In Malawi, police are empowered to prosecute and convict suspected perpetrators of crimes, however they are under resourced and receive little training. As a result, most cases are poorly handled and rarely result in a conviction. The vast majority of cases involving crimes against people with albinism, in particular murder, fail to go before a court due to a lack of funds and legal aid support for suspected perpetrators.

Even where cases have been brought to court, the perpetrators have often been released due to flawed investigations and a lack of relevant admissible evidence.

“The only way to stop these killings is by ensuring that existing laws are applied effectively and that there is efficient prosecution and coordination across the authorities,” said Muchena.

He added: “This rise in flagrant attacks against people with albinism shows that confidence is growing among criminal gangs that they will not get caught.”

“This rise in flagrant attacks against people with albinism shows that confidence is growing among criminal gangs that they will not get caught. They are taking advantage of Malawi’s failing criminal justice system. The authorities must take decisive measures to end these attacks once and for all.”


At least 20 people with albinism have been killed in Malawi since November 2014.

According to Malawi Police Service, at least 117cases involving crimes related to people with albinism have been reported since November 2014.

People are targeted for their body parts, due to the belief that they have magical powers that bring good luck.

Approximately 7,000 to 10,000 people with albinism live in Malawi

Facts about albinism

  • Albinism is caused by a mutation in genes that affects the production of melanin. It is typically characterised by pale skin, light hair and poor vision, according to the U.S.-based Mayo Clinic.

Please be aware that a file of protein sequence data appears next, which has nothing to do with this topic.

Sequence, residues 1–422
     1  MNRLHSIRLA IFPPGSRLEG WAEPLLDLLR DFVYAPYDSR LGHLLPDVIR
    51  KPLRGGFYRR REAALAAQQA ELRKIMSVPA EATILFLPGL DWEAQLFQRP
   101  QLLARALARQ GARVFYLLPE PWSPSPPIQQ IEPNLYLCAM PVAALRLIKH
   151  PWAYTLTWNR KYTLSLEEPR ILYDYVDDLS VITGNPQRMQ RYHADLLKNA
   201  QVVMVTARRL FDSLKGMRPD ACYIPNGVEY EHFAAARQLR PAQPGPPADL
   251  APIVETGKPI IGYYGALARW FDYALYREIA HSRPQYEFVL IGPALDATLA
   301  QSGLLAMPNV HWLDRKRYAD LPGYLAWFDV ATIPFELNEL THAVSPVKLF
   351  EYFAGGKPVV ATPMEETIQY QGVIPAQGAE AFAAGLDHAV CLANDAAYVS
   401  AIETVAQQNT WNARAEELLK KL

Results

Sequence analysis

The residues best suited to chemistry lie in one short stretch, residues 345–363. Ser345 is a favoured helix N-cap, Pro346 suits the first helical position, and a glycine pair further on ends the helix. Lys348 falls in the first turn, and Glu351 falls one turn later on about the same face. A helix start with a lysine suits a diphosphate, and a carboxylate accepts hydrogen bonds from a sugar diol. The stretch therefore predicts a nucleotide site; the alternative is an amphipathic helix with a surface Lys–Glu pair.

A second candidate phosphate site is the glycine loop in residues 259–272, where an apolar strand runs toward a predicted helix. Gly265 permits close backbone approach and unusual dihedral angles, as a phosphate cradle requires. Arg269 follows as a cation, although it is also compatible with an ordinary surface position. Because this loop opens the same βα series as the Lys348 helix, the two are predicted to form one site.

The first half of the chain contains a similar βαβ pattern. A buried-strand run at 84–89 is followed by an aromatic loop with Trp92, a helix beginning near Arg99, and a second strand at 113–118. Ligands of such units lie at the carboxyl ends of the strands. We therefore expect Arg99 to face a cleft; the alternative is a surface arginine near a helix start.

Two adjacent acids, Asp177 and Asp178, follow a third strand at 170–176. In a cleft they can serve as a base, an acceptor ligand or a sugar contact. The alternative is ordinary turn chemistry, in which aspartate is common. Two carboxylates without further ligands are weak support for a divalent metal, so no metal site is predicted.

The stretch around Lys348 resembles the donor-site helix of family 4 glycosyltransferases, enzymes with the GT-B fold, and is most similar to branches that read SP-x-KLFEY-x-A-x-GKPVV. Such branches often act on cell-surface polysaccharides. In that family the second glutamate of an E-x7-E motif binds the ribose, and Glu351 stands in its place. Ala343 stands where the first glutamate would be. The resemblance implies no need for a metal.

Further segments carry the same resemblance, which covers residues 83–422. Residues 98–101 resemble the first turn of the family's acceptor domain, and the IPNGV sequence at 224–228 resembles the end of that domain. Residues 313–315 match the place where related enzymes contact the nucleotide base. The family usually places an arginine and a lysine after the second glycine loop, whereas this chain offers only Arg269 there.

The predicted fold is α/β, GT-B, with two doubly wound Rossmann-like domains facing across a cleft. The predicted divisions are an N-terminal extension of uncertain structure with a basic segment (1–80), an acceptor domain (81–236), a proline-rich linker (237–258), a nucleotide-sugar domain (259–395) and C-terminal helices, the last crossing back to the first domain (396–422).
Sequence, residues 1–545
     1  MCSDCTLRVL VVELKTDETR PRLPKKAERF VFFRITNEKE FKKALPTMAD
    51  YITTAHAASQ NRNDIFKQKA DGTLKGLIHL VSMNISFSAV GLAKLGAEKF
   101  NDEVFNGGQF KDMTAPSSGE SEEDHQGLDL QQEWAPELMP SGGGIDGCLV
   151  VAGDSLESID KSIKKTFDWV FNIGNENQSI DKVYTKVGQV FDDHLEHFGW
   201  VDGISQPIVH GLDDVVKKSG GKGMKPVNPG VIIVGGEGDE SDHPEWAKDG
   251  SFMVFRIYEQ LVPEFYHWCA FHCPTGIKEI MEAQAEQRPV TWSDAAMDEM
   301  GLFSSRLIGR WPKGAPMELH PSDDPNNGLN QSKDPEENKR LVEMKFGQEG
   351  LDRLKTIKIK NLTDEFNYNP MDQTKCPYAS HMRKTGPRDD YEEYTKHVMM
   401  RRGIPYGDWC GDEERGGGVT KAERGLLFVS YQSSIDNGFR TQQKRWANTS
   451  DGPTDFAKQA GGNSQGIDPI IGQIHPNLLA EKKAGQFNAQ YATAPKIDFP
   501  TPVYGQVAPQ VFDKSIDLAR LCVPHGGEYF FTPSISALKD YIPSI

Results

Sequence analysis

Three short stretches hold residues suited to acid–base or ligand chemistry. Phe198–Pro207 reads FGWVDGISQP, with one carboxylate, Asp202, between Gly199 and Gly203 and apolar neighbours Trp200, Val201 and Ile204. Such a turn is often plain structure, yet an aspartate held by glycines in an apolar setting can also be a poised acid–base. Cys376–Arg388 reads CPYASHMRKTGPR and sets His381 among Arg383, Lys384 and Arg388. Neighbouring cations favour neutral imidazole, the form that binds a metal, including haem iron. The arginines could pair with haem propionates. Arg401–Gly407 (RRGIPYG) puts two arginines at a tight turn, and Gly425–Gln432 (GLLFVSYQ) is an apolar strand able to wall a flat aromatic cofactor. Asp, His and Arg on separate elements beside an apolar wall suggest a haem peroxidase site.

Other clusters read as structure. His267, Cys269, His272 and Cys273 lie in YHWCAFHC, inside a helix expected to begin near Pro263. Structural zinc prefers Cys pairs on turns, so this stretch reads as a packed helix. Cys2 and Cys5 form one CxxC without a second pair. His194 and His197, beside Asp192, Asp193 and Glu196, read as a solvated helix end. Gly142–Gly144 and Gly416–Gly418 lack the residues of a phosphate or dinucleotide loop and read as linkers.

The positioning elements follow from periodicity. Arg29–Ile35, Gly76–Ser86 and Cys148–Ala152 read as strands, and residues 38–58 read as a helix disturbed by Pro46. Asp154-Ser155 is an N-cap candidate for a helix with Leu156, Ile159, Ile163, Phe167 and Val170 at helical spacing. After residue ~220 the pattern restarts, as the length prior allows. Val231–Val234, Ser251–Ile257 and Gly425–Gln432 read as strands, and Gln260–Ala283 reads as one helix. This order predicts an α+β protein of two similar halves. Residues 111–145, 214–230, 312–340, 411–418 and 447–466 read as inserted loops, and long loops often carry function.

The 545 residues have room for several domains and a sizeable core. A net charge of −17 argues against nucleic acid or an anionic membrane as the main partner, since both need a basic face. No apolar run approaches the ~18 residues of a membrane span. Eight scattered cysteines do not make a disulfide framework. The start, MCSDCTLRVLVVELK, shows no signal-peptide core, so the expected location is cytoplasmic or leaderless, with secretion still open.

• Globally, one person in 18,000 has albinism, according to Standing Voice, a London-based albinism advocacy organisation. It is far more common in sub-Saharan Africa, and one person in 1,400 is affected in parts of Tanzania, the group says.


  • In sub-Saharan Africa, people with albinism face discrimination, abandonment and poverty, according to Under the Same Sun, a Canadian-based group. Many husbands desert wives who give birth to a child with albinism, and superstition may lead them to abandon or kill their newborns. Children who survive may go to school, but vision problems lead to high dropout rates. Adults are shunned and not hired for jobs.


  • People with albinism fall victim to ritual attacks in regions where superstition says their body parts bring power, wealth and good luck. Most victims are children, and body parts are often taken from live victims under the belief that the intensity of their screams increases their potency, according to the United Nations.


  • More than 600 cases of attacks on people with albinism have been reported in 26 countries, mostly in the last eight years, said a U.N. report released this year. The actual number is likely higher, but reporting is hampered in part by family involvement in the attacks, it said.


  • Violence against people with albinism is particularly severe in Tanzania, where there have been 76 murders and 73 documented attacks since 2006, according to Standing Voice.
  • The average person with albinism in East Africa dies by age 30 from skin cancer, and only 2 percent of people with albinism live to age 40, according to Asante Mariamu, a U.S. organisation that raises awareness of albinism in East Africa. Many are unaware of ways to protect themselves from the sun or have no access to affordable sunscreen. (Sources: Amnesty International, Thomson Reuters Foundation)